Drawing out literal and metaphorical meanings of 'foreignness' this wide-ranging volume offers much to scholars of postcolonial, gender, and cultural studies seeking new approaches to the study of alterity.
There are a bewildering variety of claims connecting Darwin to nineteenth-century philosophy of science—including to Herschel, Whewell, Lyell, German Romanticism, Comte, and others. I argue here that Herschel’s influence on Darwin is undeniable. The form of this influence, however, is often misunderstood. Darwin was not merely taking the concept of “analogy” from Herschel, nor was he combining such an analogy with a consilience as argued for by Whewell. On the contrary, Darwin’s Origin is written in precisely the manner that one (...) would expect were Darwin attempting to model his work on the precepts found in Herschel’s Preliminary Discourse on Natural Science. While Hodge has worked out a careful interpretation of both Darwin and Herschel, drawing similar conclusions, his interpretation misreads Herschel’s use of the vera causa principle and the verification of hypotheses. The new reading that I present here resolves this trouble, combining Hodge’s careful treatment of the structure of the Origin with a more cautious understanding of Herschel’s philosophy of science. This interpretation lets us understand why Darwin laid out the Origin in the way that he did and also why Herschel so strongly disagreed, including in Herschel’s heretofore unanalyzed marginalia in his copy of Darwin’s book. (shrink)
Classically, the question of recognizing another subject is posed unilaterally, in terms of the observed behaviour of the other entity. Here, we propose an alternative, based on the emergent patterns of activity resulting from the interaction of both partners. We employ a minimalist device which forces the subjects to externalize their perceptual activity as trajectories which can be observed and recorded; the results show that subjects do identify the situation of perceptual crossing with their partner. The interpretation of the results (...) is guided by comparable evolutionary robotics simulations. There are two components to subjects’ recognition capacities: distinguishing mobile and fixed entities; and behaving so as to interact with their partner rather than with a mobile lure. The “Other” is characterized by the feature that there is sufficient regularity in the interactions to encourage the formation of anticipations; but sufficient indetermination that the actual behaviour is consistently surprising. Keywords: Recognition of other; perceptual crossing; evolutionary robotics. (shrink)
"Sheriff’s text moves the "guess" to a new level of understanding, while integrating much of Peirce’s philosophy, and provokes many questions." —Society for the Advancement of American Philosophy Newletter "The purpose of Sheriff’s work is to expound Peirce’s unified theory of the universe—from cosmology to semiotic—and to discuss its ramifications for how we should live. He concludes that Peirce has given us a theory we can live with. The book makes an important contribution to philosophy of life and to the (...) humanities in general."—Nathan Houser "In clear and concise prose, Sheriff describes Peirce’s ‘theory of everything,’ a vision of cosmic and human meaning that offers a positive alternative to popular pessimistic and relativistic approaches to life and meaning." —Peirce Project Newsletter. (shrink)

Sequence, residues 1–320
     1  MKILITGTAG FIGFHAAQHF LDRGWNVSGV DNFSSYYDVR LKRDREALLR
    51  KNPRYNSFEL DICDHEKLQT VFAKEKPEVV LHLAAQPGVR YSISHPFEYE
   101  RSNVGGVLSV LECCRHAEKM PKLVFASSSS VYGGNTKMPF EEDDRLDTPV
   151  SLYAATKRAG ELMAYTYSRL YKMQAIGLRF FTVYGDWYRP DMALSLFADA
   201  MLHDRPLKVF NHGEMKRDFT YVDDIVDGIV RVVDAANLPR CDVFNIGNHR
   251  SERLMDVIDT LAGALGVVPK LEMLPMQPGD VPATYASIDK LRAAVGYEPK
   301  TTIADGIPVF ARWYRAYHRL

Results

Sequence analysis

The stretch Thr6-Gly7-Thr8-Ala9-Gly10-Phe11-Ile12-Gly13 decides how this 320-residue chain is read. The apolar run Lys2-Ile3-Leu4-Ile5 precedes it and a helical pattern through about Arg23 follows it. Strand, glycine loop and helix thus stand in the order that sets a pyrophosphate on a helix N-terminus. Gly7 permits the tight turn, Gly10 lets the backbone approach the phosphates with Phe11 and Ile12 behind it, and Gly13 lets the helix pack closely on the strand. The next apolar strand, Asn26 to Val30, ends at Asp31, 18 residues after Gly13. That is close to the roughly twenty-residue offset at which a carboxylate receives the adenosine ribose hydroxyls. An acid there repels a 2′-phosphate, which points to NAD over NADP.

For most of the history of prejudice research, negativity has been treated as its emotional and cognitive signature, a conception that continues to dominate work on the topic. By this definition, prejudice occurs when we dislike or derogate members of other groups. Recent research, however, has highlighted the need for a more nuanced and (Eagly 2004) perspective on the role of intergroup emotions and beliefs in sustaining discrimination. On the one hand, several independent lines of research have shown that unequal (...) intergroup relations are often marked by attitudinal complexity, with positive responses such as affection and admiration mingling with negative responses such as contempt and resentment. Simple antipathy is the exception rather than the rule. On the other hand, there is mounting evidence that nurturing bonds of affection between the advantaged and the disadvantaged sometimes entrenches rather than disrupts wider patterns of discrimination. Notably, prejudice reduction interventions may have ironic effects on the political attitudes of the historically disadvantaged, decreasing their perceptions of injustice and willingness to engage in collective action to transform social inequalities. (shrink)
Hunt and Vitell''s General Theory (1992) is used in a cross-cultural comparison of U.S. and Taiwanese business practitioners. Results indicate that Taiwanese practitioners exhibit lower perceptions of an ethical issue in a scenario based on bribery, as well as milder deontological evaluations and ethical judgments relative to their U.S. counterparts. In addition, Taiwan respondents showed higher likelihood of making the payment. Several of the paths between variables in the theory are confirmed in both U.S. and Taiwan samples, with summary data (...) suggesting the Hunt and Vitell theory performs well in both U.S. and Taiwan. Some unanticipated linkages within the model were uncovered in the samples. Results and implications are discussed. (shrink)
THE PREVALENCE TODAY of "semiotics" as the preferred linguistic form for designating the study of signs in its various aspects already conceals a history, a story of the ways in which, layer by layer, the temporal achievement we call human understanding builds, through public discourse, ever new levels of common acceptance each of which presents itself as, if not self-evident, at least the common wisdom. Overcoming such present-mindedness is not the least of the tasks faced by the awakening of semiotic (...) consciousness. (shrink)